# A simple question from Rudin's principles of mathematical analysis

1. Jul 25, 2011

It's NOT a homework. I'm self-studying Rudin's Analysis and I came to this part that I can't follow the argument after a certain point:

statement: if x,y $\in$ R, and x<y, then there exists a p $\in$ Q such that x<p<y.

Proof: since x<y, we have y-x>0, and the Archemedean property furnishes a positive integer n such that:
n(y-x)>1
Apply the Archemedes' property again to obtain positive integers m1 and m2 such that m1>nx, m2>-nx. Then:
-m2<nx<m1.

[Here is where I get confused].
Hence there is an integer m (with -m2<=m<=m1) such that: *
m-1 <= nx < m. *
If we combine these inequalities, we obtain
nx < m <= 1 + nx < ny. *

Since n>0, it follows that
x < m/n <y.

I don't understand the places that I've marked with *. I fail to follow the argument after the place that I've mentioned it. Can anyone clarify up these statements for me please?

2. Jul 25, 2011

### micromass

Denote

$$m=min\{k~\vert~nx<k\}$$

Then m will satisfy $m-1\leq nx<m$ (try to prove this). There is only one question: does the minimum exist? That is, does the set $\{k~\vert~nx<k\}$ nonempty and does it has a lower bound.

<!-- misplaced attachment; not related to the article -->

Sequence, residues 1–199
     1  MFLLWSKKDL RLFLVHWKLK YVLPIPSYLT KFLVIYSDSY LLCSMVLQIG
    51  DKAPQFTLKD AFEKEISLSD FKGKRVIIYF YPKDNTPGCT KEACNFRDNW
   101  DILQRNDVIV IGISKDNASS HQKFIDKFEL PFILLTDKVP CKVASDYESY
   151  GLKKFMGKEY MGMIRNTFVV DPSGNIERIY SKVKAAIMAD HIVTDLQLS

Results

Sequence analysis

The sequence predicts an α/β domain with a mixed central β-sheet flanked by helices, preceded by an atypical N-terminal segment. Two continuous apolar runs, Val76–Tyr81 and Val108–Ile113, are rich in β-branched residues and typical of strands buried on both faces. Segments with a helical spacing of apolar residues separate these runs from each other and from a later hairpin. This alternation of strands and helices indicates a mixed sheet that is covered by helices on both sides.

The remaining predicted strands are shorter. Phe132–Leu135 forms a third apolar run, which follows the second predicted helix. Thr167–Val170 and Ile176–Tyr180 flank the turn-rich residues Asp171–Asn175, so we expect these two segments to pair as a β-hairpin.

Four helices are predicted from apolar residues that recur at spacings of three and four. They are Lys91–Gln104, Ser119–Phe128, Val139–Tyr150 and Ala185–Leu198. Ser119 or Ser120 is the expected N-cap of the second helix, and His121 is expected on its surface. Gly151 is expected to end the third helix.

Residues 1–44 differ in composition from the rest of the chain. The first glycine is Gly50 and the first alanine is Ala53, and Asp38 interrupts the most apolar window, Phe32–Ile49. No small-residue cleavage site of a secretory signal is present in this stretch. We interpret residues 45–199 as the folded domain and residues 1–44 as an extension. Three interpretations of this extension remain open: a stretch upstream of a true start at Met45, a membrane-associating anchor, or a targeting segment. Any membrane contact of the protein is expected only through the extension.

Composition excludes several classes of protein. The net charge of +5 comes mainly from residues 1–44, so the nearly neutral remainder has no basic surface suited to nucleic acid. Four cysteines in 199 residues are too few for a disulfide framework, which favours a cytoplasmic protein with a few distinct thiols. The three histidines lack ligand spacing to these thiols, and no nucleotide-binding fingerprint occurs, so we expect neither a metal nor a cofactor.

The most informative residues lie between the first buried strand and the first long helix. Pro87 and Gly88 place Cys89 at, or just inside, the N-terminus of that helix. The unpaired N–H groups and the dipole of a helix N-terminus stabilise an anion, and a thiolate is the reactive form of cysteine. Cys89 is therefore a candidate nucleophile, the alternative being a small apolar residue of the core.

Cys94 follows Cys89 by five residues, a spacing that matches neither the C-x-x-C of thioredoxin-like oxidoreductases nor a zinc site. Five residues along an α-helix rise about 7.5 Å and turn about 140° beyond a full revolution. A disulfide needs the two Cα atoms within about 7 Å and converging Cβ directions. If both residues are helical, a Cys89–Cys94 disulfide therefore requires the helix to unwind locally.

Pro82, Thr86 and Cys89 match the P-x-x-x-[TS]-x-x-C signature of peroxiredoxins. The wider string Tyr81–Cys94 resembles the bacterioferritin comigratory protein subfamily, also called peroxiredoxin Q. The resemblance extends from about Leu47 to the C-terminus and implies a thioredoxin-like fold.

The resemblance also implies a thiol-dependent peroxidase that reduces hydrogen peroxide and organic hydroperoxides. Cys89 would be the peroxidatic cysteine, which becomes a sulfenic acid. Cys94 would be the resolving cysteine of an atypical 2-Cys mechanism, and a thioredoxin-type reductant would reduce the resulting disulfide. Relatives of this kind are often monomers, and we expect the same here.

What exactly don't you understand here?
$nx<m$ by the choice of m
$m\leq 1+nx$ since $m-1\leq nx$
$1+nx<ny$ since $n(y-x)>1$.

3. Jul 25, 2011

well, since x is a positive real number and n is a natural number then nx>0. k>nx by definition, therefore k is a positive integer. to prove that the set is nonempty I should show that no matter how large nx is, there is always a k such that nx<k. well, suppose that It wasn't true. therefore for any positive integer k we had k<=nx which leads to a false statement that the set of positive integers has an upper bound. so there exists a positive integer k such that nx<k which means the set is non-empty. Now we know that the set $$A = \{k~\vert~nx<k\}$$ is non-empty and its members are positive integers. the well-ordering principle now guarantees the existence of the smallest k in the set which is the m we want. so the existence part of the theorem is now completed.
Now to prove that $m-1\leq nx<m$ one need to realize that if [itext]m-1\leq nx[/itext] wasn't true, then we had nx<m-1. but m-1<m and m was the smallest positive number s.t nx<k, which is a contradiction. that proves the inequality part.

Now I understand it completely.

Are we done or there are still holes in the argument that we need to fill?

4. Jul 25, 2011

### micromass

OK, a few remarks: we don't know if x is positive or not. Second, it was easier if you would just use m1 and m2 in your argument. The existence of m
2
provides a lower bound, and the existence of m1 says that the set is nonempty.

It's alright, I think.

5. Jul 25, 2011